There’s not much history of this site, apart from what I’ve already mentioned. The hill rises above the first community of Daly City and it appears that the Spring Valley Water Company owned the top of the hill originally and had a water tower or reservoir on the peak at one time (as shown in the August Chevalier map below (1911)). In addition, the block of Bepler Street at the top of the hill appears to have been developed between the 1940s and 1990s.
Chevalier Map of San Francisco (1911). Image David Rumsey Collection

Aerial Image of Daly City (1937). Image: David Rumsey Collection


Regarding the hill's precise height, the only source is USGS maps which show it being more than 450 feet high, but below 475 feet.

The hill is seen in many U.S. Coastal Surveys maps, but no height specific height is indicated.

Birdseye view looking east. Daly City BART (bottom) and La Portezuela (top). Image: Bing Maps
View of La Portezuela from I-280. Image: Google Maps

Views and Prominence

The previous two hills we looked at, Hunters Point Hill and Black Point at Fort Mason, had low elevations of 125 and 111 feet respectively.

What makes La Portezuela hill noteworthy is its steepness to the north overlooking the Brotherhood Way ravine. It's so steep that the Bepler Street does not pass through north of the hill, nor does Head Street rise up the hill from the north. By being on the border between San Francisco and Daly City, this makes it a duel city peak. The peak itself may reside in Daly City or San Francisco. I could not ascertain where the precise border was. The pavement on the street does change, However, I don’t know if this is due to each city paving differently (like at a state border), or that the end of the street might be designated a private street.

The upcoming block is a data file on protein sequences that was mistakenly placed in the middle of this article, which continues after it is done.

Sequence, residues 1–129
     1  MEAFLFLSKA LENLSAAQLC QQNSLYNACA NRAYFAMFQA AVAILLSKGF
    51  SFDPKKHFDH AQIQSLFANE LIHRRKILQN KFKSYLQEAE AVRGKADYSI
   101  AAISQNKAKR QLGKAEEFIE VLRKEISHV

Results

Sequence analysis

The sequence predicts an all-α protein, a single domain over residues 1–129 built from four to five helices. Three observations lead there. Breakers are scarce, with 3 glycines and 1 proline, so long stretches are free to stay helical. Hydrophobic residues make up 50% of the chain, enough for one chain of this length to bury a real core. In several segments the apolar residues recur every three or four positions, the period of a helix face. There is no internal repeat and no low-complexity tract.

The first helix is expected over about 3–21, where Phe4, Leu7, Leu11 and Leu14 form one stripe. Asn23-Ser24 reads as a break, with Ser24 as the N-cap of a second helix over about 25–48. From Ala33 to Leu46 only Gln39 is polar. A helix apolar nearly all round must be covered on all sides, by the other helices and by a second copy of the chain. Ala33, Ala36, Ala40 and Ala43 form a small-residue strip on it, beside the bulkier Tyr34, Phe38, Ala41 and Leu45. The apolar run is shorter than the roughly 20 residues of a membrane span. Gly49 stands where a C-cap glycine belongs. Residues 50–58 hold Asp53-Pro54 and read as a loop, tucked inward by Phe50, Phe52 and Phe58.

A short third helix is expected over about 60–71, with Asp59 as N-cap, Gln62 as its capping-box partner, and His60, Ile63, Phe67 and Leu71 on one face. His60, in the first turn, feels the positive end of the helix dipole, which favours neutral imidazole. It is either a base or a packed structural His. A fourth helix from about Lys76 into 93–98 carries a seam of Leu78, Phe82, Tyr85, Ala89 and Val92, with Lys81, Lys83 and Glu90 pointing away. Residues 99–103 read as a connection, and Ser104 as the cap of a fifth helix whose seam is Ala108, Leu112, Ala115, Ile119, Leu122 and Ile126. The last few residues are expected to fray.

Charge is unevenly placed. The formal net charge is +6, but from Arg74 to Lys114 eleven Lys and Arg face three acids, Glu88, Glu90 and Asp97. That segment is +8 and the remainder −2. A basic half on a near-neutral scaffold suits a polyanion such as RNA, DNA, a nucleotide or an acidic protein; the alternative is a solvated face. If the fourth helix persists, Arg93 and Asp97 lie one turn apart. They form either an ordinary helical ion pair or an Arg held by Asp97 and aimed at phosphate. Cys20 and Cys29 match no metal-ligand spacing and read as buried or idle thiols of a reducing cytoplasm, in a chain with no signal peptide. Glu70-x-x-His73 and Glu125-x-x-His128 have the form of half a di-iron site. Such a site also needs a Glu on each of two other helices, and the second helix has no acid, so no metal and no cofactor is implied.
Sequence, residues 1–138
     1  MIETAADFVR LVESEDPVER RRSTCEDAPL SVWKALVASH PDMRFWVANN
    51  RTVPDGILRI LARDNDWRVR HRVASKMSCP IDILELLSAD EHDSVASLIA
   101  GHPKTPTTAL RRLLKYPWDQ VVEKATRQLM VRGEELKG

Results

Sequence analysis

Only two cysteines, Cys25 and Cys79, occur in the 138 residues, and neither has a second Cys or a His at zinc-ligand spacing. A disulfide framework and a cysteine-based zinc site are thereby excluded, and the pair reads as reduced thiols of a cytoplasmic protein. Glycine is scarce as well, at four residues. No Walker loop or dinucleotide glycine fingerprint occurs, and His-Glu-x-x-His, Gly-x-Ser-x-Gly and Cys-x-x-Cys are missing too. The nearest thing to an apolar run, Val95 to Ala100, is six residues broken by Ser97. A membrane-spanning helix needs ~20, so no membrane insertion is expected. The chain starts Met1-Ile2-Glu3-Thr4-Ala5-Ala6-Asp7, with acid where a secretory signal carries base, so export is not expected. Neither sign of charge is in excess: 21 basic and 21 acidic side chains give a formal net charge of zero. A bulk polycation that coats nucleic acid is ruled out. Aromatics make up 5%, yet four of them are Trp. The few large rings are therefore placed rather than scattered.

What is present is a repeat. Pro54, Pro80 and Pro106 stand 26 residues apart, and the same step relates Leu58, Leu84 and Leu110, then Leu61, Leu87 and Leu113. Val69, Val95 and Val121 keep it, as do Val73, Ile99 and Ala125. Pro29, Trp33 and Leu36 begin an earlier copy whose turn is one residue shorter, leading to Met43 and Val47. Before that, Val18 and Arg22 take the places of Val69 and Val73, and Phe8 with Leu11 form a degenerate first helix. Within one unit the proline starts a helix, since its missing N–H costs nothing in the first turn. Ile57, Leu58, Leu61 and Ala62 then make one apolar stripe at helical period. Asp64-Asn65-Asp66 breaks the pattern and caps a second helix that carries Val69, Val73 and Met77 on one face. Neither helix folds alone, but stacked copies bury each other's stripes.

View of the actual peak, which is not at the exact end of the street.
Note the change from dark to light street pavement (right center).
The view from the top of the hill is most striking feature. A narrow vista looks northwest to the Marin Headlands and Point Reyes. A grand vista (as shown in the first image up top) affords a wide view from Sunset Heights to Mt. Davidson, to Excelsior with parts of Oakland showing through and Mt. Diablo (which is visible from almost anywhere of any moderate elevation).

Park Merced Apartments with Point Reyes in the distance on this clear day.

Excelsior is in the midground while Downtown Oakland is to the left in the background.

View of Sutro Tower and Mt. Davidson
View southeast to San Bruno Mountain and its radio towers.
The homes are atop the flanks of Reservoir Hill in Daly City.
If you're interested in finding a more comprehensive list of San Francisco's hills I suggest going to SF Gazetteer, or to SF Gazetteer is true to its word when it states "The most complete and accurate list of San Francisco hills." I am in a huge debt to all the work that SF Gazetteer did to compile its list of over 70 hills and the research on each of them. 47 Hills has a shorter list but many more photographs of the hills, or the view from them.


  1. Hi Brian,
    I have been interested in this map reference for years. I have noticed this name or very similar on many of the early bay area maps, from Petaluma to the south bay and though the name varies in spelling, it seems to indicate the same thing, which is that of a low point between two hills. This would be an ideal spot for a trail or road to pass through, so the phrase you mentioned of "Little Gate" seems appropriate. Again, the spot on the map where this is shown is the low point at the pass, not the top of the hill.

  2. I saw the name "Porto Suelo" on the 1869 Coastal Survey map on another website. I had never seen that name before, so I googled it and found this page. So glad I did! I pass this hill frequently on BART. It is a curious little spot, tucked away between Mission St. / San Bruno Avenue on one side and the Freeway / BART on the other. Interesting blend of early 1900's homes on the lower slopes and newer homes up top. Always thought it would be a neat place to live.